Kentucky Confederates: Secession, Civil War and the Jackson Purchase
By Berry Craig
University Press of Kentucky
By Berry Craig
University Press of Kentucky
The latest book in my recent reading spree was another one focused on Kentucky, this time specifically on how one region of the state had much stronger ties to the Confederacy than the rest of the Commonwealth. Having just read For Slavery and Union, I was fortunate to follow it with Kentucky Confederates, a book focusing on the loyalties of the Jackson Purchase in far southwestern Kentucky, but that inevitably touched on some of the issues that contributed to Kentucky's post-war reputation.
Kentucky Confederates is not a book intended to discuss the state's Confederate image. Its goal is to discuss the Jackson Purchase region of the state and how this region was easily the most pro-Confederate section of the state, particularly during the pre-war and early-war years, before many people in the rest of the state adopted similar attitudes as the Purchase residents. It certainly achieves this goal in a well-researched and written study that is very readable and informative. This is a valuable book on Kentucky history, especially of the Civil War era.
Extant period sources such as letters and diaries from the area are scarce, but the author was able to uncover several of them. He also relied heavily on period newspapers from the region as well as from cities like Louisville, Memphis, Cincinnati and New York to find details on various elections, rallies, speeches and other events in the area. He found many individual names, usually with information about the individual's hometowns or counties and where their loyalties were. He supplemented these sources with information from local and state historians as well as other secondary sources. Craig's efforts in finding so much information on a small portion of the state are very impressive.
This is a fine book in many ways. It provides a great deal of information about the Jackson Purchase, opening my eyes to just how much support for the Confederacy existed in that region and how that region differed so much from the rest of the state, especially pre-emancipation. Much evidence showing the reality of such a difference fills this book. It also discusses the state's change in mood in the years following the Emancipation Proclamation and the enlistment of African-American soldiers. Opposition to such enlistment was so strong that state officials did not even want the word "Kentucky" included in unit names of African-American regiments (and the Federal government obliged them on this request.) This was not the focus of the book, but was a natural and necessary addition to the main discussion. It gave similar insight as did For Slavery and Union, but added some different details and perspectives to what I had previously read.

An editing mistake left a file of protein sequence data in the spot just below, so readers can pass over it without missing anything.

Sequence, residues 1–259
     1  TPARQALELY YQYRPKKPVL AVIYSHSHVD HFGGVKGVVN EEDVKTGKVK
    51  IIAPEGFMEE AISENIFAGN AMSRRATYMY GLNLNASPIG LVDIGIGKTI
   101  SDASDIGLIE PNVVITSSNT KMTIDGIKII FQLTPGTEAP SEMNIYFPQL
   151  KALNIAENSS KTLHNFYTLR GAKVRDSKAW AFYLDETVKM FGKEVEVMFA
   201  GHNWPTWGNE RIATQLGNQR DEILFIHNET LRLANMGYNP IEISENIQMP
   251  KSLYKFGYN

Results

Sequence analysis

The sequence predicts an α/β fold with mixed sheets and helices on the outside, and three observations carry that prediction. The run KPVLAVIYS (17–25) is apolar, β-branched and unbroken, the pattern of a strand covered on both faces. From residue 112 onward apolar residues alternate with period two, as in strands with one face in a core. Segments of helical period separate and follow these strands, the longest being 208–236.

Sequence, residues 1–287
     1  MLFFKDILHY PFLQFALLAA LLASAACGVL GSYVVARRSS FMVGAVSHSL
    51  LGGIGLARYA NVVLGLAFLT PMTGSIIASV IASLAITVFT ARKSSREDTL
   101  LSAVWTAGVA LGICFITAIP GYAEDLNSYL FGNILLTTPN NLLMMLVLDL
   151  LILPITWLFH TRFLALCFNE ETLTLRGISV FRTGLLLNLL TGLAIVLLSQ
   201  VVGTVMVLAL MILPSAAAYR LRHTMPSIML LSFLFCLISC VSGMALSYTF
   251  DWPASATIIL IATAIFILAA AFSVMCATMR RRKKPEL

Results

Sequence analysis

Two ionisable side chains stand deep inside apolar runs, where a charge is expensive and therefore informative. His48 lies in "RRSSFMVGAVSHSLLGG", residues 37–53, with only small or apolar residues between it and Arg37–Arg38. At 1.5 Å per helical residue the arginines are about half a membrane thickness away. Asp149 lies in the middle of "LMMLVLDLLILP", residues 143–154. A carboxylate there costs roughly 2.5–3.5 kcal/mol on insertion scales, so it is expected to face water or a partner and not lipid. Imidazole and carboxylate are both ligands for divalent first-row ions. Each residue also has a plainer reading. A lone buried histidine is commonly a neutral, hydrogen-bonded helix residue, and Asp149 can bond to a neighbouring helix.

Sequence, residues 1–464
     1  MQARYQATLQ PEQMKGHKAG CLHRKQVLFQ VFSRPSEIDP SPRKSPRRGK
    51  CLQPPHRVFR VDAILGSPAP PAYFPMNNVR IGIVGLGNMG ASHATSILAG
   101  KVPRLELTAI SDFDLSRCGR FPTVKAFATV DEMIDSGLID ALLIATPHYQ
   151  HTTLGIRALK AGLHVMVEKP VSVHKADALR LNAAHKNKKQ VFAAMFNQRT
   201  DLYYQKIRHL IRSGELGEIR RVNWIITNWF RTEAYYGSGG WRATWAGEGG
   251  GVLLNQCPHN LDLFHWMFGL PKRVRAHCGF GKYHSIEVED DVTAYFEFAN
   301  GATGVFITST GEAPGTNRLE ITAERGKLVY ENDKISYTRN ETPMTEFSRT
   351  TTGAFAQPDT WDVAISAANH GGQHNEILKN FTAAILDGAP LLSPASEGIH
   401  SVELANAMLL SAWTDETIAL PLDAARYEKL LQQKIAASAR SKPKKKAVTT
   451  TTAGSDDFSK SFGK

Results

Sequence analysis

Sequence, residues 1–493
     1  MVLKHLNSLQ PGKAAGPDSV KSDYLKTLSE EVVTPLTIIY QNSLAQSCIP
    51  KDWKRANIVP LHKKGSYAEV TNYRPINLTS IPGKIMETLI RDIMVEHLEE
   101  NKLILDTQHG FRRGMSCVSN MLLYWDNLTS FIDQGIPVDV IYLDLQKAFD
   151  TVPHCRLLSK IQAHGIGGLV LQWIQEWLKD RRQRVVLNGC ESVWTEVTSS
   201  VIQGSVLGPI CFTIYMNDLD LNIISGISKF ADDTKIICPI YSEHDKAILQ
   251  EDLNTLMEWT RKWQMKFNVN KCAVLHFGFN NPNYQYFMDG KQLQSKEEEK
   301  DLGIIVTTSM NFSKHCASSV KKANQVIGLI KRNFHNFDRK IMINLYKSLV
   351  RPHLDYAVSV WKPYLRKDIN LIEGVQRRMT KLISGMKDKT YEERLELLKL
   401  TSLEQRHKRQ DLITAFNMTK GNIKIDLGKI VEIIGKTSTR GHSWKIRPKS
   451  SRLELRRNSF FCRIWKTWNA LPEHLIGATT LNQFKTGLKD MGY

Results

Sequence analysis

I also like that it includes several photographs of the men and places it discusses, adding an extra dimension to the narrative. Seeing faces to go with names can be a beneficial part of any book.
It is an easy-to-read book, with a nice, smooth flow, organized chronologically. Craig focuses on the political and social issues of the time, adding military information when necessary. It is not a detailed military history of the region, but does show how military events affected the hopes, desires and expectations of the Purchase's population, and vice-versa.
At times some of the many details - lists of several names or multiple detailed election results - make those sections a bit tedious, but they are important as they provide details which strongly back up the author's thesis. Such details would also be very handy for genealogists or local historians, and they show the thoroughness of the author's research.
I do wish the book had included at least one map showing the counties, towns and rivers in the area, including Tennessee, Illinois and Missouri.
A potentially interesting addition to this book might have been a quick discussion of Stephen Burbridge's role in the state in 1864 and how his "reign of terror" was similar to or affected Eleazar Paine's brief "reign of terror" in the Purchase region. Perhaps the author determined it would not be a good fit with the book's focus on the Purchase and would have distracted from his main goal.
Despite those minor quibbles, I really enjoyed this book and learned quite a bit from it, including additional understanding of not only the Jackson Purchase, but of the state as a whole. Anyone interested in Kentucky history should read this book and the story it tells. Others who enjoy the Civil War, especially topics like the "border states" or the " Western Theater" can also gain valuable perspectives from this work. It is simply a good, informative book with a unique perspective on Kentucky and Kentuckians, showing how the population of one part of Civil War Kentucky was far more southern-leaning than the citizens of most other areas of the state. I gladly recommend Kentucky Confederates.